This was the cause of them running cooler than a Model 110, and actually leaner than was expected.

The fuel tables in the 2.06 software do the following:


1) Account for the actual loading difference between the Model 110 and Model 115 feed wheel mechanisms.
2) Adjust the heat level range to use the old 2.02 Model 115 level 1, ranging to the old 1.28 Model 110 level 8. This
means the new Model 110 level 1 is 20% lower, while the new Model 115 level 8 is 20% higher; you should
not be able to tell the two machines apart.
3) Optimize the corn and wood tables to burn more efficiently along the entire range.
4) All heat levels for both fuels are completely usable for both models.
The 2.06 software should work better in all cases.
Back

4
Pullback temperature mode:
Q. I hear a lot of talk about the stove automatically pulling back until the exhaust is below the maximum allowed.
What kind of temperatures are we talking about for the stove to do this and is it different for each level?

A. The pullback temperature is around 500 F to prevent the maximum allowable exhaust gas temperature of 570
F. This is the same for all levels. If it is not able to pull back quickly enough the stove will shut down. I believe that
the LED’s will blink in this mode as if the thermostat has told the stove to cool down. There is no pull back facility
during the startup phase.
Back

Q. At what thermocouple reading does the stove start the high temp pullback process?

A. The high temp pullback mode activates around 250 and then deactivates around 240. I don't remember the
actual numbers. The process makes use of and is identical to the ramp down process used when the thermostat is
operational, except for around a 5 minute timer. If the timer exceeds that 5 minutes, then the stove will shut down.
Back

Ash Dump and the 2.06 software:


Q. What level does the 2.06 software perform an ash dump?

A. The 2.06 software can run the ash dump at any heat level, including a special case of the current operating
level. This issue might not have come up if we only burned wood pellets, because the consistency of the ash really
doesn't change depending on temperature. With corn, the range of stove operation covers the range through which
the clinkers go from being solid on the outside to being soft. When the clinkers are soft, the material is somewhat
sticky, like tar. If the ash dump were done when the clinkers were soft, when the plates moved in the leading edge
would stick to the clinker, which might compress it or roll it, then the rest of the plate, which is relatively cold, would
flash freeze the clinker to the plate. This would jam up the stove. The ash dump process of ramping down is meant
to cool the clinker enough to solidify it to keep it from sticking to the plates. Now, from a lower heat level, because
the ash dump process can be somewhat traumatic for the fuel bed, a fair amount of extra fuel is added. It's easier
to get this burning at a higher heat level. The adjustable heat level settings came about because of experimentation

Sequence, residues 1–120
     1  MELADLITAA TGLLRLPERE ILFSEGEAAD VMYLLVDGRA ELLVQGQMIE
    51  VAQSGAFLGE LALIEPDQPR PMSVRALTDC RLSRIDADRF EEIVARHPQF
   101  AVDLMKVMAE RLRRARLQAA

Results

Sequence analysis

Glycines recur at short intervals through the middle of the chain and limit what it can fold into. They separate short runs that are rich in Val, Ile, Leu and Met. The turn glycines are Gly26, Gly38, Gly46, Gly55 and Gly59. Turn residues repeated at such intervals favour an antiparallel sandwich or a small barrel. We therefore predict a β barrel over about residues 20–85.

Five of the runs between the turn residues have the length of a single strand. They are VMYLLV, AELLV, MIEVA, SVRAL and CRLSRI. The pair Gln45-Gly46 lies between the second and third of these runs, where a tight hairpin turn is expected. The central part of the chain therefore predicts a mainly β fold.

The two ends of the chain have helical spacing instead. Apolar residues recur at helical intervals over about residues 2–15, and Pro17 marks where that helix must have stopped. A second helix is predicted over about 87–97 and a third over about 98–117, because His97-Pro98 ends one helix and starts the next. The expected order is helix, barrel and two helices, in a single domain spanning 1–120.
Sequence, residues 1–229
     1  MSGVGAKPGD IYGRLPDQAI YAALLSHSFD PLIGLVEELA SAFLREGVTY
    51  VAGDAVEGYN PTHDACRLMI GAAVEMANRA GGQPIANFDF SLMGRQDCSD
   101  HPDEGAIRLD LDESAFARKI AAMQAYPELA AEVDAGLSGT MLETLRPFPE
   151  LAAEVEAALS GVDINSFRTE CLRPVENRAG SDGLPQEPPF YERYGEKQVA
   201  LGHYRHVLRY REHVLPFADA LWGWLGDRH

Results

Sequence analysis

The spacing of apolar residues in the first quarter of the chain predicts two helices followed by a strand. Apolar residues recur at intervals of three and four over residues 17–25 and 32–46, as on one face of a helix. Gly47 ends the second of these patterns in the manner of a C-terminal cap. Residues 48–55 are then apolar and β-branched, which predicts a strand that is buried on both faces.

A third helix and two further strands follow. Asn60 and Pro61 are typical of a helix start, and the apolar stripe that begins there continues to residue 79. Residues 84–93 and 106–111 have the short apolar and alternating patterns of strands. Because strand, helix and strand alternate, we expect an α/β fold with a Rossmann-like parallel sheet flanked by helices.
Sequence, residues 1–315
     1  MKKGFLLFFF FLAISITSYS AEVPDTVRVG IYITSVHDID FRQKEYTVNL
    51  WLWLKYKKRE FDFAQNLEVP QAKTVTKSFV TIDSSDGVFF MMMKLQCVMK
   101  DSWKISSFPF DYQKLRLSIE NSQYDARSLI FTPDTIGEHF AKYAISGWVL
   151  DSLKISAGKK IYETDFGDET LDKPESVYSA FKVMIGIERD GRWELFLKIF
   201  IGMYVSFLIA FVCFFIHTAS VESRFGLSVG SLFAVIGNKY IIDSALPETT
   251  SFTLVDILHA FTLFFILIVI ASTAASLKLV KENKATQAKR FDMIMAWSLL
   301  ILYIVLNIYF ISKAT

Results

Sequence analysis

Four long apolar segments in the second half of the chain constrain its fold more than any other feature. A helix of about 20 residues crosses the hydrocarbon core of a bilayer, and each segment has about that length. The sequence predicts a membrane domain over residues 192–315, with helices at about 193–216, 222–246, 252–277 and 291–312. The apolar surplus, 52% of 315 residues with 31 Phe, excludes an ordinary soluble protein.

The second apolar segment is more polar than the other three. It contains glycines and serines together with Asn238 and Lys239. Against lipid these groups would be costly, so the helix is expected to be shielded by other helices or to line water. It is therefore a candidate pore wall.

with switch grass pellets.
Back

Feed Rates:
Q. I am wondering what the actual specs are for the feed rates?

A. Each slot on a Model 115 feed wheel is basically 1 cubic inch.


The fill ratio is around that of corn in a bag, perhaps a little less with wood pellets.
On level 1 with the trim pots at 0 the feed cycle time is 1 minute.
5
One bushel of corn is 56 lbs., which is 1.25 cubic ft.
Therefore, one bushel is: 1.25 * 12 * 12 * 12 = 2160 cubic inches.
This means one bushel of corn will run the stove for 2160 minutes, or 36 hours. This fits really well with the 3 day
run time on level one with a full hopper, which is nearly 2 bushels.
To answer your question, there would be 60 feeds per hour, which means it feeds at 56 * (60 / 2160) = 1.56
lbs./hour, give or take about 10%.
I seem to recall the feed cycle time is around 20 seconds; therefore level 8 has 3 times the fuel flow as level 1. This
also fit with level 8 lasting about 24 hours.
You would see about 1.56 * 3 = 4.68 lbs./hour.
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Software bootloader:
Q. When programming the stove, do I need to worry it the process is interrupted?

A. The software is divided into the bootloader and the main program. The bootloader cannot be overwritten
without using an external programmer. If there is a failure while the stove is being reprogrammed, the stove will not
operate, but the bootloader will still be functional. Try again until things are working. Some computers have timing
issues. There is a parameter, "interleave delay", that is automatically incremented for each soft failure that occurs
while programming. Eventually it catches and the process completes. In some systems it works better to preset this
value to 10 or something to give problem computers a running start. If nothing works the board can be sent in for
programming.
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#8 Light & feed wheel sensor:


Q. My stove lit just fine the first couple of times this season, but now will not light at all. It starts up like normal,
emptying the pot (no delay = old software), then starts dropping corn in. It starts the igniters like normal but never
stops dumping corn in the pot. Eventually, the pot will overflow with no flame. Then the #8 light comes on.

A. The #8 light appears after a wheel magnet is not found for 7 or 8 feeds. The feed wheel control algorithm has
a default move time of approximately twice that of the time it takes to find the magnet - the wheel is stopped early if
the magnet is found. If the stove worked before, then the magnets are in properly. If you get intermittent problems,
then the circuit board is probably fine. This leaves the sensor. It is normally installed with the surface just below the